What A Biden Administration Win Means For Abraham Accords – Analysis
By Try Ananto Wicaksono
A new history is being written in the Middle East with the signing of the Abraham Accords. On September 15, President Trump hosted Emirati foreign minister Abdullah bin Zayed, Bahraini foreign minister Abdullatif al-Zayani, and Israeli prime minister Binyamin Netanyahu as they signed historic new normalization agreements on the White House lawn. The normalization agreements, called the “Abraham Accords,” are designed to encourage common regional aspirations for peace.
The UAE-Bahrain bloc has angered a large number of ordinary Arabs across the world, triggering protests in Palestine and several other countries. The two states, joined by Sudan which also announced its intention to normalize relations with Israel, attempted to sidestep any accusations of trying to negotiate for the Palestinians. Instead, their focus was said to be strictly on bilateral issues such as aviation, economic and trade relations, investment (known as the Abraham Fund), and taxation with Israel.
This year, the Trump administration played its role with exceptional skill. Trump stated that at least five countries want to join the normalization agreements with Israel. Although Trump did not mention these countries by name, there is some speculation that they may include Mauritania, Oman, and Saudi Arabia.
Yet these prospects will now depend on Joe Biden’s foreign policy.
Will Joe Biden swing back to Obama-era US policy in the Middle East?
As a two-term vice president under President Barack Obama, Joe Biden played a leading role in the US’s often contradictory policies concerning in the Middle East. Biden has said he plans to pursue drastically different positions from President Donald Trump, pledging to reassess US-Saudi relations. For one, the former vice president has promised tougher scrutiny of Saudi Arabia’s human rights record.
Biden also has signaled that, if he wins, his administration would reassess US relations with Iran. He plans to re-enter the Iran nuclear deal and remove unilateral sanctions imposed by the Trump administration. This would obviously resonate in US relations with Israel, as détente with Iran is the total opposite of Netanyahu’s view that a preventive strike on Iranian nuclear sites is the best of bad options. For his part, Biden has been a strong supporter of Israel throughout his political career, but he has also promised to place “constant pressure” on Israel to resolve its conflicts. He has also come out against Israeli government plans to annex the West Bank, arguing such a move would “choke off any hope for peace.”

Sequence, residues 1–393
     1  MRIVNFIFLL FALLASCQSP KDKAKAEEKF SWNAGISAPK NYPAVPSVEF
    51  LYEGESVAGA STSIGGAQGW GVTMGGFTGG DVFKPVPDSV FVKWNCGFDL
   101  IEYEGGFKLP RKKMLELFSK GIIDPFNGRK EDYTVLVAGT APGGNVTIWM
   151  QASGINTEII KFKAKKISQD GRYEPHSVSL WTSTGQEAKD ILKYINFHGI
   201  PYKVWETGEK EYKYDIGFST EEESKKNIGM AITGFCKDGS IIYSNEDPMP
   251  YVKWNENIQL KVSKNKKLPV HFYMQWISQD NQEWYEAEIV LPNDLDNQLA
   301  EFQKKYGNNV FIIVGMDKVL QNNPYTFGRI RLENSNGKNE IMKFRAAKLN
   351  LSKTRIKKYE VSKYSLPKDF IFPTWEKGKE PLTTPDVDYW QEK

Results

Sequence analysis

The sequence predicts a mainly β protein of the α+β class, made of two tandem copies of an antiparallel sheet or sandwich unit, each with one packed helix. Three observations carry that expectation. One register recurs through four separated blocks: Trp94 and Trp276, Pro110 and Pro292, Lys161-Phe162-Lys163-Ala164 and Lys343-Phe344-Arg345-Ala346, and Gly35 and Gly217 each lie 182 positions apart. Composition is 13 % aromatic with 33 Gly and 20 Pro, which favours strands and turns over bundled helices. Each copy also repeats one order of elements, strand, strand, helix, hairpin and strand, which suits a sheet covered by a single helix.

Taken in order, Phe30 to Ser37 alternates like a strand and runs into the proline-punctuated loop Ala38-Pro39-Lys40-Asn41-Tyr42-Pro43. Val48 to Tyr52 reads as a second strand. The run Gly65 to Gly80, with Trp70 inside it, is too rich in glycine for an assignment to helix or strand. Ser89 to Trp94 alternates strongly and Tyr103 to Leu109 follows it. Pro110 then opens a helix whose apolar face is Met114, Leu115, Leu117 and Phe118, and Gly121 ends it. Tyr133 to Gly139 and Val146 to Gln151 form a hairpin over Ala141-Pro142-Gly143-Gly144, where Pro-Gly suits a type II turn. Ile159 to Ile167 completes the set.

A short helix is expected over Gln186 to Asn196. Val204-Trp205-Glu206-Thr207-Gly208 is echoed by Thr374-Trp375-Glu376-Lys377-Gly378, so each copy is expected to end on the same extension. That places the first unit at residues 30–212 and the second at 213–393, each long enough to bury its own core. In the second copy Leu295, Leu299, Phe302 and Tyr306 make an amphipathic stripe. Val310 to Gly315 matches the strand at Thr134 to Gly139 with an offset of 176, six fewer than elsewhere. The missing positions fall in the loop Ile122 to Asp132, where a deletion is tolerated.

Will Biden’s victory jeopardize Israel’s normalization deals with Arab states?
The Abraham Accords are potentially more significant than existing Israeli peace agreements with Egypt and Jordan. The agreements hold out the promise for reduced military tensions in the region, despite their leaving the Palestinian issue unresolved. They also have the potential to produce a much-needed boost in economic growth.
The seventh paragraph of the peace treaty signed by Israel and the United Arab Emirates further to the Abraham Accords states the following: “the Parties stand ready to join with the United States to develop and launch a ‘Strategic Agenda for the Middle East’ in order to expand regional diplomatic, trade, stability and other cooperation.”
In an oblique way, Biden has praised Trump for the Israel-UAE deal. His campaign states that Biden will “urge Arab states to move beyond quiet talks and take bolder steps toward normalization with Israel.” A Biden foreign policy adviser told The Times of Israel that Saudi Arabia in particular, might be more inclined to agree to normalize relations with Israel during a Biden presidency in order to improve its standing with the Democratic Party.
The warm Arab-Israeli relationships born of the Abraham Accords could ultimately benefit the Palestinian cause, but the Palestinians will need to engage as well. The Biden administration can also be expected to reverse its predecessor’s destructive cutoff of diplomatic ties with the Palestinian Authority. Engaged one more with both sides of the divide, Biden will be well-placed to support wider peacebuilding efforts in the region.
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